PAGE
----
Again, very true. To this day, people from Moore are still drivin to Fville for the mall but not so much for anything else anymore simply because the Pinehurst-SP area has just about everything that Fville already has. It was not this way prior to 1998 where you had to go to Fville for nearly everything aside from simple dining and retail outlets. Moore County as well, draws regional travelers for big city ameneties too but not at the scale Fville does. In the past year, a Best Buy, Panera Bread and a few other retail big box stores opened up in Aberdeen on 15/501 near US 1, which is pretty damn good for a 6 town area (Pinehurst, Soutthern Pines, Aberdeen, Pinebluff, Foxfire Village, Whispering Pines) of around 40,000 people

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Just a quick response to Fayetteville being a dump - the person who wrote that evidently has not been to Fayetteville lately. While it is no Charlotte or Raleigh, etc., Fayetteville has made great strides in the past few years. Most people who say things like that are either military or teenagers who grew up in Fayetteville. While yes it is hot here, from what I have gathered, Raleigh and Fayetteville temps are pretty close now (during the summer months). It seems the two are usually within a degree or two of each other. I believe this is due to all of the growth in the Raleigh area, or should I say all of the building activity around RDU. In terms of jobs, yes there needs to be a lot of work in that area, but all-in-all Fayetteville is growing. And, we are getting some spillover growth from Raleigh on the north side. I know several people who moved from Raleigh to Fayetteville and commute to Raleigh. They moved to Fayetteville because it was cheaper and Fayetteville is getting a lot of the same stores and restaurants as Raleigh. Plus, they said they would rather deal with Fayetteville traffic as opposed to Raleigh traffic. While Fayetteville has a lot of red lights, the traffic signal system has been computerized, and many lights along the city's main arteries are staying green so traffic is beginning to move faster around the city. If anyone is interested, check out the Fayetteville observer at: www.fayettevillenc.com, you can check out articles on the growth and changes in Fayetteville.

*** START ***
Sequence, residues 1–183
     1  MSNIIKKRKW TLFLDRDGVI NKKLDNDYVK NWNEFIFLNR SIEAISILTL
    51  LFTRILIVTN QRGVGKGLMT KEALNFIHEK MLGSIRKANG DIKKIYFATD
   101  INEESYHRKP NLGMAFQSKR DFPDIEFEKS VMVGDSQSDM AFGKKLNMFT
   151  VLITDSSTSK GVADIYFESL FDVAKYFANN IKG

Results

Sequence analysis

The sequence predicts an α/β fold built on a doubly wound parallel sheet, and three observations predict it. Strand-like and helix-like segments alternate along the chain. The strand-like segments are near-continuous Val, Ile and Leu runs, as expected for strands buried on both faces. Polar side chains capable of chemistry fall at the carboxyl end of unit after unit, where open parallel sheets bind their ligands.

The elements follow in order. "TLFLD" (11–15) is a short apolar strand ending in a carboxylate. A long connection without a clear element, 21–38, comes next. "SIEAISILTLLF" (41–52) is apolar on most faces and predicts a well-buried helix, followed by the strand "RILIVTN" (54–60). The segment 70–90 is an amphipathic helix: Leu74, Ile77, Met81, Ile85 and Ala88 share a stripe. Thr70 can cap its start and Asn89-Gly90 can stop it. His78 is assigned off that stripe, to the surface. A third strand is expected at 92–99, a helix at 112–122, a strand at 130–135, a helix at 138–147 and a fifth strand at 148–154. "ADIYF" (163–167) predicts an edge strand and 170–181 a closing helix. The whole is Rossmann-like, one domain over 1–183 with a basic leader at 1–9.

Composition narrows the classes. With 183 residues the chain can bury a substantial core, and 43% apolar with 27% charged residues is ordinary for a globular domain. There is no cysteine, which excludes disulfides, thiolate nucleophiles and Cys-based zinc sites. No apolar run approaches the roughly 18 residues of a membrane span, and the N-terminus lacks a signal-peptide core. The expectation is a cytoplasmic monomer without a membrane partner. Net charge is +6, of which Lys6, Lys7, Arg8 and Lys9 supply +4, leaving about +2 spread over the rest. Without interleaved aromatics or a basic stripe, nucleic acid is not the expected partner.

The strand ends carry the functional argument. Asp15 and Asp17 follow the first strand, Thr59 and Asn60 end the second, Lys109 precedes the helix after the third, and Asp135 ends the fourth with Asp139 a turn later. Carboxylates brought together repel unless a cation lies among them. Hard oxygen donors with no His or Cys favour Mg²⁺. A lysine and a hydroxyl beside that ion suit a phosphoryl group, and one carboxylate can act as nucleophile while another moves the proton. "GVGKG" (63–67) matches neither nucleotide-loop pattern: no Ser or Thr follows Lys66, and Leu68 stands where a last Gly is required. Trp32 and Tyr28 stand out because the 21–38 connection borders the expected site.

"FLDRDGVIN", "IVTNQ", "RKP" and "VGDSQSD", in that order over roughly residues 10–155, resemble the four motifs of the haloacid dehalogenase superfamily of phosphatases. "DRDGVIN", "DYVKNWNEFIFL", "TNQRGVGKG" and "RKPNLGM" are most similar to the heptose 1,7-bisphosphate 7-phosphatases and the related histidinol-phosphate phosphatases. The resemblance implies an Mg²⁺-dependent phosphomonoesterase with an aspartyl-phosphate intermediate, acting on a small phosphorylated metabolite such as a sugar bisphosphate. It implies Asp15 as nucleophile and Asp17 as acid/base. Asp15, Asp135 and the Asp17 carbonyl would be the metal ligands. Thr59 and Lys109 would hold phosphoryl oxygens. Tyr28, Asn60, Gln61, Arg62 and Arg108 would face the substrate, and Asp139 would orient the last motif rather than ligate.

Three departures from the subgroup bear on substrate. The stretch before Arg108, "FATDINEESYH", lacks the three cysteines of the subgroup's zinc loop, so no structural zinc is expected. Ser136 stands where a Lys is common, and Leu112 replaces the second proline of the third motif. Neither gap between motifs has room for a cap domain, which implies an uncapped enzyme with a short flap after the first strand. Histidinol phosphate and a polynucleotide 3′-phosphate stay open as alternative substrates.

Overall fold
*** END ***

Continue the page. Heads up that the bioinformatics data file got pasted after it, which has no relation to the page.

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WRAL just reported that Cumberland County Government and the City of Fayetteville have hired a consultant to discuss the advantages, disadvantages, and possibility of merging governments. The story reports that there have been four attempts at city/county mergers, but all have failed, thus making this the possible first ever on NC. Examples of merged city/coutnies are Louisville/Jefferson County in KY and Jacksonville/Duval Coutny in Florida. I don't know if this might happen. If it does, Fayetteville could become the second largest city in the state. What are your thoughts on this? Would you consider Fayetteville to be the second largest city or would you still see Raleigh as the runner-up to Charlotte?

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^The latter, just as I consider Jacksonville to be the 3rd or 4th biggest city in Florida, even though technically it's the largest.

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If I have the numbers right, Cumberland County is 305,000 people. Raleigh is 347,000. So that would make it third.

(never mind about the edits, found the 2000 numbers, and corrected with 2005 numbers).

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WRAL just reported that Cumberland County Government and the City of Fayetteville have hired a consultant to discuss the advantages, disadvantages, and possibility of merging governments. The story reports that there have been four attempts at city/county mergers, but all have failed, thus making this the possible first ever on NC. Examples of merged city/coutnies are Louisville/Jefferson County in KY and Jacksonville/Duval Coutny in Florida. I don't know if this might happen. If it does, Fayetteville could become the second largest city in the state. What are your thoughts on this? Would you consider Fayetteville to be the second largest city or would you still see Raleigh as the runner-up to Charlotte?

I wonder if this will get off the ground. At times back into the 1970s, I know Charlotte/Mecklenburg, Durham/Durham Co, Wilmington/New Hanover and Currituck Co (which has no incorporated towns) have studied or voted on it, but with annexation fairly easy, it's never succeeded. I think the wave of consolidations in Ga and Va (Columbus, Athens & Augusta GA; and the 4 "dead" counties that turned into 7 independent cities in Tidewater VA) were all to get around highly restrictive annexation laws.